definition of Wikipedia
|— City —|
|• Mayor||Gary Fletcher|
|• City||28.2 sq mi (73.1 km2)|
|• Land||28.1 sq mi (72.8 km2)|
|• Water||0.1 sq mi (0.3 km2)|
|Elevation||285 ft (87 m)|
|• Density||1,000/sq mi (390/km2)|
|• Metro||699,757 ('10) (Little Rock/North Little Rock|
|Time zone||CST (UTC-6)|
|• Summer (DST)||CDT (UTC-5)|
|ZIP codes||72076, 72078, 72099|
|GNIS feature ID||0057978|
Jacksonville is a city in Pulaski County, Arkansas, United States, and a suburb of Little Rock. As of the 2010 census, the population of the city was 28,364. It is part of the Little Rock–North Little Rock–Conway Metropolitan Statistical Area.
The city is named for Nicholas Jackson, landowner who deeded the land for the railroad right-of-way to the Cairo & Fulton Railroad in 1870. The community evolved from the settlement surrounding the railroad depot, eventually incorporating in 1941. In 1941, construction began on the Arkansas Ordnance Plant (AOP), which served as the primary facility for the development of fuses and detonators for World War II. Following the war, AOP ceased operations and the land was sold for commercial interests, including the development of the Little Rock Air Force Base in 1955. Today, portions of AOP still remain, including the Arkansas Ordnance Plant Guard House, which is on the National Register of Historic Places and the Jacksonville Museum of Military History. Despite Pulaski County being one of the few counties in Arkansas that is not a "dry" county, as it allows the sales of beer and liquor, the municipal limits of Jacksonville are "dry", as it does not allow the sales of alcohol in stores.
Jacksonville is located at (34.870345, −92.115164).
According to the United States Census Bureau, the city has a total area of 28.2 square miles (73.1 km2), of which 28.1 square miles (72.8 km2) is land and 0.12 square miles (0.3 km2), or 0.42%, is water.
As of the census of 2000, there were 29,916 people, 10,890 households, and 8,004 families residing in the city. The population density was 1,134.2 people per square mile (437.9/km²). There were 11,890 housing units at an average density of 450.8 per square mile (174.0/km²). The racial makeup of the city was 64.17% White, 27.88% Black or African American, 0.50% Native American, 1.98% Asian, 0.13% Pacific Islander, 1.14% from other races, and 2.58% from two or more races. 6.24% of the population were Hispanic or Latino of any race.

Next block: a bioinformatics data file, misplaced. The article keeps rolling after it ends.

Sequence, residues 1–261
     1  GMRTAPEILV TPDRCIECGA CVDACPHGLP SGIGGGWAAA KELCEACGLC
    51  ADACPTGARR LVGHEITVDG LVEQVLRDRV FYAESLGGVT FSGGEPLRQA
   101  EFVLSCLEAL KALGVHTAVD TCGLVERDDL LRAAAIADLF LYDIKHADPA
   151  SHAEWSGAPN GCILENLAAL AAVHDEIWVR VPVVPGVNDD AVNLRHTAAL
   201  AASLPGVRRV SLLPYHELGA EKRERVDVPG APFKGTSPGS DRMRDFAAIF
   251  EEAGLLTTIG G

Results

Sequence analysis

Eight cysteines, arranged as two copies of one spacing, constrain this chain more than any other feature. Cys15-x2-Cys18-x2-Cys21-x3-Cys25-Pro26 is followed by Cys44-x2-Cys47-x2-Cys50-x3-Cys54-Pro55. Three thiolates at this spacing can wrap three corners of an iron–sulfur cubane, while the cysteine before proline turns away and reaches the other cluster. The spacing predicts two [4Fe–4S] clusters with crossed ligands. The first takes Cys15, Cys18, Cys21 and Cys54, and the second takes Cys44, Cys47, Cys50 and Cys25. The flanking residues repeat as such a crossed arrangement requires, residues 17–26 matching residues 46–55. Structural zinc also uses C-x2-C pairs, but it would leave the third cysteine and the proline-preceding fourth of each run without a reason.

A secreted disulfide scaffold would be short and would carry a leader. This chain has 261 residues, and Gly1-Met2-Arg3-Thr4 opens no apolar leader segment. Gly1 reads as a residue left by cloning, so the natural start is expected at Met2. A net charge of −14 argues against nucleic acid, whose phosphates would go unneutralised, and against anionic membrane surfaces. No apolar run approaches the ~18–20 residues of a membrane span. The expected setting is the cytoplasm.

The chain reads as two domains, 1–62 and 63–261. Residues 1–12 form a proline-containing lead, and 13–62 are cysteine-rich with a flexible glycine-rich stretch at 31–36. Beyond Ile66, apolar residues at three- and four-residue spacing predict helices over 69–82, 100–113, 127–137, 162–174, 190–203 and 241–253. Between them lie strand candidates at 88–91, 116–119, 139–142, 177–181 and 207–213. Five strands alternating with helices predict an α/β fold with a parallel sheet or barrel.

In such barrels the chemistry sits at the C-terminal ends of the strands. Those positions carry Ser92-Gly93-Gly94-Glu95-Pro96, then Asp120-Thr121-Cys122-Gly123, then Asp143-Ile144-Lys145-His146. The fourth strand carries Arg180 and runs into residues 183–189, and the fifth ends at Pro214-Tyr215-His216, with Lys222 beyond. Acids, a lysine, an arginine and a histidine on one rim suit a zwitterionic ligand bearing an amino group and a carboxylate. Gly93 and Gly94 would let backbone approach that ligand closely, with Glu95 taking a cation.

There were 10,890 households out of which 40.2% had children under the age of 18 living with them, 55.1% were married couples living together, 14.6% had a female householder with no husband present, and 26.5% were non-families. 22.0% of all households were made up of individuals and 5.9% had someone living alone who was 65 years of age or older. The average household size was 2.64 and the average family size was 3.08.
In the city the population was spread out with 29.0% under the age of 18, 12.8% from 18 to 24, 33.2% from 25 to 44, 17.6% from 45 to 64, and 7.3% who were 65 years of age or older. The median age was 30 years. For every 100 females there were 100.4 males. For every 100 females age 18 and over, there were 98.4 males.
The median income for a household in the city was $35,460, and the median income for a family was $40,381. Males had a median income of $26,708 versus $21,804 for females. The per capita income for the city was $16,369. About 11.9% of families and 14.2% of the population were below the poverty line, including 20.5% of those under age 18 and 7.9% of those age 65 or over.
Since 1927, Jacksonville had been part of the Pulaski County Special School District, one of the largest school districts in Arkansas. In the years leading up to September, 2008, parts of the Jacksonville community expressed a desire to split from the PCSSD. This measure was approved by the board of the PCSSD during that month, clearing the way, legally, for the formation of a Jacksonville public school district. Such measures are not complete, however, as the legislation to create such a school district has not been officially proposed, nor has the idea met federal court approval, necessary because of Pulaski County's long-running school-desegregation case.